Article written by certified animal chiropractor Dr. Alisha Barnes
Discovering that your pet is paralyzed can be a devastating situation. You immediately start to think about all the discomfort and hardship that is coming down the road. However, it doesn’t have to be that way. There are lots of things you can do both at home and with the help of your care team that can drastically improve the quality of your paralyzed dog or cat’s life for years to come. Believe me, I have seen lots of silly, wiggly, smiling, paralyzed pooches in my time who still have a twinkle in their eye and a spark for life. They are comfortable, happy, and free even though their body doesn’t quite work the same as it used to.
Here are 5 ways you can help your paralyzed pet to be as comfortable as possible:
1. Effleurage Massage
This massage technique is a great way to improve circulation and lymphatic drainage. When the muscles are no longer contracting, the body has a harder time moving the fluid in the affected limb. This can lead to discomfort, sores and potentially infection. But don’t fret, with this effleurage technique in your back pocket, you will be able to help your sweet pet to get that blood and lymph moving. Effleurage is a French word for light touch. This technique focuses on very gentle sweeping motions, almost like you are petting your dog. It is best to use a full, open hand and start at the paws and sweep up, always moving towards the heart. Doing this 1-3 times a day can really help circulation throughout the body but especially in the affected limb(s).
2. Body Work for your paralyzed dog or cat
Your furry friend is going to be moving their body in different ways than what was originally intended. This can lead to a lot of wear and tear on the joints and muscles that are trying to pick up the slack from the paralyzed limb(s). Not only can your pet have pain and discomfort in these areas, but they can also have accelerated arthritic progression. This is something we certainly don’t want for them, after all, they have been through.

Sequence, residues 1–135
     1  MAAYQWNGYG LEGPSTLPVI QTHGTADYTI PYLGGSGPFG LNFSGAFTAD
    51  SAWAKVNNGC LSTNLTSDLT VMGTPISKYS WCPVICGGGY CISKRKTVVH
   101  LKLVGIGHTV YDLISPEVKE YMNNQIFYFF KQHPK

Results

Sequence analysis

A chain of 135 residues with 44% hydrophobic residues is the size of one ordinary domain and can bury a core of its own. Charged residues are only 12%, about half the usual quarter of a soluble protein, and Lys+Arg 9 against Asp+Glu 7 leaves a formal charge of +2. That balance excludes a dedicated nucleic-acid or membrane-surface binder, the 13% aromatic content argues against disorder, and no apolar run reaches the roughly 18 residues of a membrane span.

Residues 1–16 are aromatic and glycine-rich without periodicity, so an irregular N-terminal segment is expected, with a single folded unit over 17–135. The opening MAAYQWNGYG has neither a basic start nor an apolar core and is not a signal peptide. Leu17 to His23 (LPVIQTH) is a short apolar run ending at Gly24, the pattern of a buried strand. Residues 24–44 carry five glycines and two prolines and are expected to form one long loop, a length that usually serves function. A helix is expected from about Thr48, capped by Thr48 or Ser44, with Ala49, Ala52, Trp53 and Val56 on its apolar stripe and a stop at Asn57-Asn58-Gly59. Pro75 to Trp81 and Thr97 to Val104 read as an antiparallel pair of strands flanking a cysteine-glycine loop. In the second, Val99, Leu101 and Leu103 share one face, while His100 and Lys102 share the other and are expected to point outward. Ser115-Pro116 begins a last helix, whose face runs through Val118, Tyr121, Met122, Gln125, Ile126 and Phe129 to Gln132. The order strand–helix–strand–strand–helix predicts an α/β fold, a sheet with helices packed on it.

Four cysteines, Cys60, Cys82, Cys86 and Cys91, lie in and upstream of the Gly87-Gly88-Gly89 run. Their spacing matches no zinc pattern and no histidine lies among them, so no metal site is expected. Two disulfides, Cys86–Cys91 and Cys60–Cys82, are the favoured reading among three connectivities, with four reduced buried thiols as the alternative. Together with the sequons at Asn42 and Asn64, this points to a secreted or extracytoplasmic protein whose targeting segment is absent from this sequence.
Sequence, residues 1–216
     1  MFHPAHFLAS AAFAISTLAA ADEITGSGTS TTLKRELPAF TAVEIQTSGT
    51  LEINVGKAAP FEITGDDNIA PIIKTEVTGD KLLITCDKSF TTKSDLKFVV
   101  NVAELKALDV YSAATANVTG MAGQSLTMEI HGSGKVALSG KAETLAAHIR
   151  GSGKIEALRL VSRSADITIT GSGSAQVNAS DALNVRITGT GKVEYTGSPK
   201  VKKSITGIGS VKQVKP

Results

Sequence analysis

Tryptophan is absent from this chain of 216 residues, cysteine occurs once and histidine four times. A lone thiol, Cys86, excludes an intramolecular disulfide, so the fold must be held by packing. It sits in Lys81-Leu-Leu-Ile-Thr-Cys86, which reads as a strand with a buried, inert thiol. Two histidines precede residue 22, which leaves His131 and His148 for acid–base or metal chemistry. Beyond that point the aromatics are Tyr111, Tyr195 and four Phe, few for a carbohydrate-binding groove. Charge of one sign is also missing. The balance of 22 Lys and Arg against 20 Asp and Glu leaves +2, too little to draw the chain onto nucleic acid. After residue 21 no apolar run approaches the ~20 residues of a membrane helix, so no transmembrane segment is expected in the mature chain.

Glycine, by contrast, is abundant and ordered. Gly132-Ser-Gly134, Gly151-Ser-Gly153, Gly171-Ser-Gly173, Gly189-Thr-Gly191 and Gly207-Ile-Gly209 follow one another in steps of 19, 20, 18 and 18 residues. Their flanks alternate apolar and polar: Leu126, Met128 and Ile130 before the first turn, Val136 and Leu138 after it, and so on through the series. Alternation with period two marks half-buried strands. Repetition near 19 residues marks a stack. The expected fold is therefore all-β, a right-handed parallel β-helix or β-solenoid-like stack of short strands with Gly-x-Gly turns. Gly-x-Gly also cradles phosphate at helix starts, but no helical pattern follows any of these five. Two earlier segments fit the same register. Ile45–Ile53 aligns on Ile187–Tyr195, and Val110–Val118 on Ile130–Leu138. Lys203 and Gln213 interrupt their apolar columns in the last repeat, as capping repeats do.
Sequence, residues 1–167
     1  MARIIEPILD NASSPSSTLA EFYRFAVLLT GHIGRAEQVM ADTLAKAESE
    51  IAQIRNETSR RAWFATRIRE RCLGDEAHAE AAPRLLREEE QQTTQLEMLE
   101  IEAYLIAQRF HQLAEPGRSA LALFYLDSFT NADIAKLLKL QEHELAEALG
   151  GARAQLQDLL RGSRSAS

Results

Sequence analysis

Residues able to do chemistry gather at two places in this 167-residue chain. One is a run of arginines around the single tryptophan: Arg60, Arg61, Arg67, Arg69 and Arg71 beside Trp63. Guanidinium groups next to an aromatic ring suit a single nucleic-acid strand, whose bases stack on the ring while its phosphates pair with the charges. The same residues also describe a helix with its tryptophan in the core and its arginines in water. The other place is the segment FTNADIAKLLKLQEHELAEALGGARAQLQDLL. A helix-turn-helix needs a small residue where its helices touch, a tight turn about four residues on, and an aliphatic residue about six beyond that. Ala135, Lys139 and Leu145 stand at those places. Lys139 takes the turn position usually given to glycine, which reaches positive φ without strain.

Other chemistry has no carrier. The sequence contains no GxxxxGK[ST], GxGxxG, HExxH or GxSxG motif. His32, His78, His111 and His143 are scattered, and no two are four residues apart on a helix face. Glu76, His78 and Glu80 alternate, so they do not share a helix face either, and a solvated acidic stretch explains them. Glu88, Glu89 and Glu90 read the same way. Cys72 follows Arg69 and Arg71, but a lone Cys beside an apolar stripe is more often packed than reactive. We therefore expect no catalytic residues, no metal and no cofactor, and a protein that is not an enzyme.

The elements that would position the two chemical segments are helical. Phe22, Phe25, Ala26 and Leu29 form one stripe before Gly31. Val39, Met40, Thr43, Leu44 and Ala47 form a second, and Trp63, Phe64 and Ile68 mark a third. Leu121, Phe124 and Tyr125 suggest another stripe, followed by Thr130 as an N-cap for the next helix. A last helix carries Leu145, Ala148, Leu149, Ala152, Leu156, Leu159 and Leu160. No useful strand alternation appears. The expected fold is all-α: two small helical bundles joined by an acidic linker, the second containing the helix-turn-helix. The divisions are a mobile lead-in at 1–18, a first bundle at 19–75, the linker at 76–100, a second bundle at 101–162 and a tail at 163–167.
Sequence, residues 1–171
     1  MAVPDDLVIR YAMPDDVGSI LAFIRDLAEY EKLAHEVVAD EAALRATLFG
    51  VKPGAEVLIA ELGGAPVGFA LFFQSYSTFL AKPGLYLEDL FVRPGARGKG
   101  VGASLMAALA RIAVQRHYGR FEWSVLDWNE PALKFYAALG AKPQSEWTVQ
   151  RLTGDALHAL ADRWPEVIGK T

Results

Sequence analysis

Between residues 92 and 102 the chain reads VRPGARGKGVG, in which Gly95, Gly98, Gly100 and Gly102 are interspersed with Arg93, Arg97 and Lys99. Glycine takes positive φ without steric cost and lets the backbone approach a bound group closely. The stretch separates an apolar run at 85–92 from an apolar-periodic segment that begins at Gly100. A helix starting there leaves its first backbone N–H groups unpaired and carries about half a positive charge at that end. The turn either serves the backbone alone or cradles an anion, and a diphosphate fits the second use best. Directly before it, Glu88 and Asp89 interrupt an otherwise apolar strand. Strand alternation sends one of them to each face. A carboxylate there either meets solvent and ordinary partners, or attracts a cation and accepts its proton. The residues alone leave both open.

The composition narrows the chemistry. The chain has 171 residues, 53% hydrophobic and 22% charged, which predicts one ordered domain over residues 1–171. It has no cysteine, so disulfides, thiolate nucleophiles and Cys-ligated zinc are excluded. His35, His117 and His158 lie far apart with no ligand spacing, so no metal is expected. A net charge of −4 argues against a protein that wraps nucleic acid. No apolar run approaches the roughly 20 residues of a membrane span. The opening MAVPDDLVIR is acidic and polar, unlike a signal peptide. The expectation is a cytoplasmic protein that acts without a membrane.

Regular bodywork can be a wonderful way to stave off these issues and greatly reduce pain and soreness. Some great options would be massage, chiropractic care, acupuncture, and laser therapies. Look in your area for a provider who is licensed in these fields and has a great reputation. You only want the best for your pet!
3. Quality Harness and/or Cart
4. Nerve Stimulation for paralyzed dog or cat
Even though the nerves are no longer firing, it is still important to do some daily stimulation to help support the nervous system. This is best done by gently tickling and squeezing your pet’s feet. By sending signals of light touch and deep pressure, you can try and give some feedback to the brain that the limb is still there. Now don’t get me wrong, it is highly unlikely that the nerves will heal once they have been permanently damaged but call me an eternal optimist. If there is a way to still support the nerves then why not give it a shot?
The nervous system is highly adaptable and thrives off information (i.e., stimulation). The best way to give it a boost is to give it that information through touch, so tickle away.
5. A Comfy Orthopedic Bed
Your paralyzed dog or cat is going to be working hard getting themselves around now, so they deserve a nice place to rest their tired body. However, in their new condition, they are kind of like Goldilocks, they need a bed that is not too hard and not too soft. They need something that is just right.
What’s the best fit? A memory foam, orthopedic bed. This allows a stable enough surface that your pet can still get up while also providing enough padding and support to cradle their tender joints. If you can find one that is heated, that is a double plus. The heat will help to reduce stiffness and improve circulation. Just be sure to look for one that is designed for pets and won’t get too warm when they are lying on it.
None of us would ever want to see our pet paralyzed but rest assured that even if they suffer this fate, they can still have a beautiful quality of life. It can also lead to a deeper bond than you have ever had before. The tender, loving care you give them is so appreciated and the joy they still possess is a great reminder to us two-leggeds that even in adversity, there still is so much hope and possibility for your paralyzed dog or cat.
Dr. Alisha Barnes
Dr. Alisha Barnes of Tails Chiro Care is a dog lover and pet chiropractor with years of experience helping dogs regain their mobility, improve their overall health, and help alleviate their pain.
To learn more about Dr. Barnes, visit her website at https://tailschirocare.com/